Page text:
A Turning Point in 1983
A turning point for the company came in 1983 when Swindley decided to stage Bent, a wrenching drama depicting the way gay men were targeted by the Nazis during the Holocaust. The play climaxes in a deeply moving love scene between two men in a concentration camp.
“When I decided to do Bent, I said, ‘This is a test,’ ” Swindley recalls. “This will let me know if the city will support us, or if we will be picketed by people from evangelical churches. It could go either way. It was extremely risky.
“We had an opening date, and we didn’t have enough money to open it. I went to the 11 actors in the cast and said, ‘We’ve got two choices. I can suspend rehearsals, or we can continue rehearsals until we can find enough money to open.’ Everyone in the cast wanted to continue rehearsing.
“It was the first major hit that we had at Stages,” he continues. “Every performance was completely sold out, and there was a waiting list. At that point, I knew that we were on the right path. There was an audience for new, socially challenging work. It was a mountaintop experience. I was thrilled to have the gay community behind us, but the audience was actually very mixed.”
In 1983, Swindley also staged a gender-bending production of Oscar Wilde’s comedic classic The Importance of Being Earnest. On most nights the cast gave a traditional interpretation of the work, but on some nights the cast switched roles and performed the parts of the opposite gender, with Swindley taking on the role of the dowager Lady Bracknell.
The laughter came to an abrupt halt in 1985, when Swindley arrived one day to find his theater doors padlocked. The fire marshal had shut the primitive basement theater down for exceeding occupancy restrictions.
A New Home in Montrose
Bill Neuhaus, a Stages board member, came to the rescue by helping to broker a deal for Stages to rent a property at 3201 Allen Parkway. The space had formerly been occupied by Star Engraving Center, which manufactured high school and college rings. It would serve as Stages’ home for the next 34 years.
Swindley continued to stage queer-themed works such as Charles Bush’s satiric Vampire Lesbians of Sodom (starring beloved Stages actress Sally Edmundson), Christopher Durang’s Beyond Therapy, and Sister Mary Ignatius Explains It All for You (which became a big hit for the company). Stages has also produced musicals including a 25th-anniversary production of Hair and Stephen Sondheim’s Pacific Overtures.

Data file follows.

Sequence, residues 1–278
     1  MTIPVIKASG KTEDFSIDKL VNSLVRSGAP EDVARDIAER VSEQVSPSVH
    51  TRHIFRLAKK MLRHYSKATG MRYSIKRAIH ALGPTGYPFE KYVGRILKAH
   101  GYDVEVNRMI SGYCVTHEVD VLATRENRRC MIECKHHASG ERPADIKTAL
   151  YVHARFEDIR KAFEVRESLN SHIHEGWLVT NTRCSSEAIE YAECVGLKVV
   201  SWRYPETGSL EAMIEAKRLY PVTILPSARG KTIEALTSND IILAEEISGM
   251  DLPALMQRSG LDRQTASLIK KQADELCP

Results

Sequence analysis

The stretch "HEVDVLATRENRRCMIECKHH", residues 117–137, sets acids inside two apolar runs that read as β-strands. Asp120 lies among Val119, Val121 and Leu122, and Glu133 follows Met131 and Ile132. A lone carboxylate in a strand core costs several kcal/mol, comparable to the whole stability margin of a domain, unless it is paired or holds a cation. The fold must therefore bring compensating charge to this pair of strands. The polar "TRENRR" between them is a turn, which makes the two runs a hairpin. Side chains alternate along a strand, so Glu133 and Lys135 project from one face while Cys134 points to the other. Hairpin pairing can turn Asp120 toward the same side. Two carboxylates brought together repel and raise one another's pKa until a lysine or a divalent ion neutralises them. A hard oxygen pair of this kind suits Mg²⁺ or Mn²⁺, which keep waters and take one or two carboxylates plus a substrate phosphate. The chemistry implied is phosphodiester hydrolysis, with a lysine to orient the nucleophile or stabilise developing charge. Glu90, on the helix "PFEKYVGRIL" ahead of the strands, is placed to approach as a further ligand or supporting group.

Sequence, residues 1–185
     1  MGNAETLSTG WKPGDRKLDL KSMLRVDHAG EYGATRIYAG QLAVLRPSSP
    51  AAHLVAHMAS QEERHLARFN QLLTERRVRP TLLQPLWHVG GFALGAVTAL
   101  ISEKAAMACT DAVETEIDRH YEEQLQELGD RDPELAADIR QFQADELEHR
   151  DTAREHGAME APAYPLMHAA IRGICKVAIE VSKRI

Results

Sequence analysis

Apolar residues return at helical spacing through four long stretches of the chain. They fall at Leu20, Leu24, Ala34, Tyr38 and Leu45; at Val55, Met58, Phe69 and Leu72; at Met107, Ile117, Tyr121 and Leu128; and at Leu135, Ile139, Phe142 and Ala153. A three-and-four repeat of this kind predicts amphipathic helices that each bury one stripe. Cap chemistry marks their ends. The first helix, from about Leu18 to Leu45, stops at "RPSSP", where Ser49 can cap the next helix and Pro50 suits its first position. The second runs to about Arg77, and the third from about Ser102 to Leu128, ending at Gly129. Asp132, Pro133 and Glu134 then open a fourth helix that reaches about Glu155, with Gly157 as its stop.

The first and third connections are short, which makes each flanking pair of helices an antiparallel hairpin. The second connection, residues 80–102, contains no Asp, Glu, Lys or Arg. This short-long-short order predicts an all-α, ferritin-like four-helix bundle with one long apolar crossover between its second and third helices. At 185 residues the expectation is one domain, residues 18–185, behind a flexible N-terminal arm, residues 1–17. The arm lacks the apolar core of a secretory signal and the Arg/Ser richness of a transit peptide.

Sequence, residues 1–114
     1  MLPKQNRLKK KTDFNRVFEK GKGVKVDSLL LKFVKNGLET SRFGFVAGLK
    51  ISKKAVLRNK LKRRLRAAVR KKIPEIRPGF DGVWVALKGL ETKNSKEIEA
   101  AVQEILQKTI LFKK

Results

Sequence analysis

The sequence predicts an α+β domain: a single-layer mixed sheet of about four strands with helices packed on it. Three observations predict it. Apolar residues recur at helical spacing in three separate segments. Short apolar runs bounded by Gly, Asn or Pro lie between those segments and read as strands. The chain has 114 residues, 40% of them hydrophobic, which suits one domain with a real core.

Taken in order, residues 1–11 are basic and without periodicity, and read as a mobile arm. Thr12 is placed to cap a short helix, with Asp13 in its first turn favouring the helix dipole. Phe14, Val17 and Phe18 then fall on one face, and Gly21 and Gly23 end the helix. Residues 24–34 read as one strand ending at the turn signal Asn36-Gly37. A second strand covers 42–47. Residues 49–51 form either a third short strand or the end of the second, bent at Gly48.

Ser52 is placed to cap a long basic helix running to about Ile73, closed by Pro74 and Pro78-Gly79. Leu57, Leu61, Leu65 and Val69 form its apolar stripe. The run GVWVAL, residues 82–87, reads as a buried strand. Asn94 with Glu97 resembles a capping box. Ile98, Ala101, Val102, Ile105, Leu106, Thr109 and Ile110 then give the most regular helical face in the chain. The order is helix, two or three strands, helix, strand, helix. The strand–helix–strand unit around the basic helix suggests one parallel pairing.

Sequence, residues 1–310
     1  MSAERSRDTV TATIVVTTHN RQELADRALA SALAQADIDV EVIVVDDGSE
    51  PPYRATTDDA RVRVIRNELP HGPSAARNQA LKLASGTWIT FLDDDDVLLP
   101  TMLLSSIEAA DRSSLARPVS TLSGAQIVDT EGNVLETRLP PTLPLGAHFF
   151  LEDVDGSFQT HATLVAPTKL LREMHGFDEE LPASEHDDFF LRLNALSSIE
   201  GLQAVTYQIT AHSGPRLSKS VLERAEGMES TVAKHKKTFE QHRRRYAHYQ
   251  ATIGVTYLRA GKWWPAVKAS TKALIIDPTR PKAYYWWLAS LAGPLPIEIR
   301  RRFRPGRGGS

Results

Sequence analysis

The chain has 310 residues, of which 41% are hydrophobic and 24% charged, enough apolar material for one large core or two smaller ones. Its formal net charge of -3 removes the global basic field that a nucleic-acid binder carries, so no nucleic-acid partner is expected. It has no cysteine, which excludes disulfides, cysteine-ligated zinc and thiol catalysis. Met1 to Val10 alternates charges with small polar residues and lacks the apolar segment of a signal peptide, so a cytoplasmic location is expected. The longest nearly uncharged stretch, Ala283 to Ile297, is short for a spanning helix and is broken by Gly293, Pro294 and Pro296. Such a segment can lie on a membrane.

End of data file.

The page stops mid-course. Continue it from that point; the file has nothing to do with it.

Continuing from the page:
Swindley’s skills as a dramatist paid off in 1988 when he put together a two-person play with little rehearsal time. Houston was still reeling from the oil bust, and Stages’ prospects looked grim. “The theatre was about to close. I had to think of something that would sell tickets,” Swindley recalls. “I took a great risk on Patsy Cline, whom I knew little about. The story of the show came about from me asking the question ‘Did Patsy ever play in Houston?’” The resulting production, Always…Patsy Cline, has emerged as one of the most popular works that Stages has ever produced.
“It was one of the first jukebox musicals,” says Swindley. It went on to be performed across the U.S., playing off-Broadway and touring Britain, Canada, and Australia. Stages has revived the work regularly over the last three decades to adoring audiences and strong box office.
Swindley left Stages in 1990 to care for a sick family member. The theater faltered for a period in the 1990s until Rob Bundy, an openly gay man, arrived from New York City as artistic director in 1996. Over the next decade, he expanded the company’s audience, raised the caliber of productions, and continued to stage premieres. A highlight of his tenure was Moisés Kaufman’s Laramie Project in 2002, which chronicled the murder of Matthew Shepard. The powerful production was a collaboration with the gay theater group Unhinged Productions.
Kenn Laughlin arrived in 2000, serving first as managing director and then assuming the role of producing artistic director after Bundy’s departure in 2006. Under his leadership, the company has thrived. He has directed over 25 shows and launched box-office smashes such as The Marvelous Wonderettes, the Late Nite Catechism series, and The Great American Trailer Park Musical. Laughlin has continued Stages’s tradition of staging groundbreaking new work focused on the queer experience. In 2017, in collaboration with One Year Lease Theater Company, the company presented the world premiere of Balls, a mesmerizing, marvelously theatrical dramatization of the legendary “Battle of the Sexes” 1973 tennis match between Billie Jean King and Bobby Riggs in the Astrodome.